I’m an analog writer first, and a mac user, but would love to be able to edit on Scrivener on an e-ink screen, but an hesitant to try the Android ecosystem. Onyx Boox looks the most promising. Oh, and I want to use my bluetooth or USB mechanical keyboard. Thanks!
You are aware that Scrivener doesn’t run on Android, right ?
I don’t know of any e-ink that runs Windows or MacOs… Perhaps there is such a thing, but despite my past interest, I don’t recall any.
For a while I had an eye on Remarkable2.
But the price was a turn-off for me. Way too expensive.
And I don’t really miss it. When I think of it, (I compose mostly on paper), considering the number of times I flip pages to look for something I wrote elsewhere, I am not sure I’d like the idea of scrolling away from my current page so much.
This said, – it is not e-ink, and you can’t really use a stylus, but I bought myself a 10’’ Windows tablet.
I use it to revise on the run, or at night, in bed.
It runs Scrivener like a charm, and I installed an audio clip recorder, so I take audio notes that I drop in the text, typing them properly (if justified) later on.
My opinion is that the writable e-ink technology is still too recent to be worth the expense for now.
I personally feel like it is best to wait. I watched many video reviews of many of the models, and they all seem to be somewhat clunky either here or there…
(Last time I’ve let my curiosity go in this direction was about a year and a half ago. At the speed things evolve, might as well mention it. Possibly my opinion is already outdated.)
There are options. Lenovo ThinkBook Plus (Windows notebook) or Boox Mira (portable eInk display, works also with Apple devices). If this makes sense, from a usability or price point of view, is an entirely different question. And the answer is probably “no”.
And now that I think of it, even if an e-ink tablet could run Scrivener, I don’t see how Scrivener would be compatible with the purpose of a tablet as paper + stylus. …??
It’ll still be just Scrivener waiting for keyboard inputs, but on a bland screen. (?)
e-ink is much much easier on the eyes and fatigue, especially for long focusing on text.
@Vincent_Vincent Maybe this way:
That works exactly like on a computer with a keyboard and a display. Because it is. But the latency sucks. Good for reading, not so good for writing. Unless you fork over a lot of money.
So long as one doesn’t expect to be able to scribble in Scrivener using a stylus.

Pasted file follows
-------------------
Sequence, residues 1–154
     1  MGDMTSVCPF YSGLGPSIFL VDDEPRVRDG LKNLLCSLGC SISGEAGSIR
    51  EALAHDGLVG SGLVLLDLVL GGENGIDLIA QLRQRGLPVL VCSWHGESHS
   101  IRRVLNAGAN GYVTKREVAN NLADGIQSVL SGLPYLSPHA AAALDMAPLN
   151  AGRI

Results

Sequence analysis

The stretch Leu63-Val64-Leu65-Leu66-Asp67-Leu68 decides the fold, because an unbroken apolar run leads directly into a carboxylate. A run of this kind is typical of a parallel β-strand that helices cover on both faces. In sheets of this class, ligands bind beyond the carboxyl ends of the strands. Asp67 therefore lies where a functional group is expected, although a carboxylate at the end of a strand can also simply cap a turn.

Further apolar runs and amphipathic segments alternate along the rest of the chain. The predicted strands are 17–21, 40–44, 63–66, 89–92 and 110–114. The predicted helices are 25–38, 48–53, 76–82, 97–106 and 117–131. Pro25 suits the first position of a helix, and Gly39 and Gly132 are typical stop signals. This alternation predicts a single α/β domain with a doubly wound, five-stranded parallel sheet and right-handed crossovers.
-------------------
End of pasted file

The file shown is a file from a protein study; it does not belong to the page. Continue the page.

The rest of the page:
Which the OP didn’t intend to do.
I don’t know. That’d be an assumption. He/she said he/she wants to be able to use a keyboard. That’s it.
Anyways. No harm clarifying it, in case someone didn’t think of that tiny detail.
In short, it’d be a freakishly expensive tablet, of which none of the specifics would be used as far as Scrivener is concerned.
Yeah. I don’t say it’s a good idea. But it can be done. Probably the easiest (and least expensive) way it to get an eInk display and see how it does the job. Or not.
This setting doesn’t change the display technology.
The issue is LED, not grayscale.
The idea is the ease of reading on a Kindle vs iPad and why in the world haven’t they made that available for writers. Yes, I know about the fancy Freewrite et al, but there is no way to edit on it, which is what I need, as I already write pencil to paper.
Thought it could be a step in the right direction… After which you just dim it.
Kindle has one. Kindle Scribe.
And there is a portable thingy with the integrated keyboard. But I forgot the brand and the name of the thing.
[EDIT] Found it. This :
Because the latency sucks. That doesn’t matter for reading, where the screen refreshes maybe every couple of minutes (depending on your reading speed). As soon as movement is involved, UI elements, scrolling, adding multiple characters per second… it get’s annoying. Or expensive.
Buy an eInk display. You still can use Scrivener on macOS this way.
Scribe has nothing like editing capability. reMarkable2 with the keyboard is the closest, but I can’t tell how it is to edit on.
Scribe, no. It doesn’t indeed.
Only good if you compile to PDF, then edit like on paper.
Does it see the text as text or as a rendered image to begin with.
Whether it allows to truly edit the text, delete words etc, is a good question…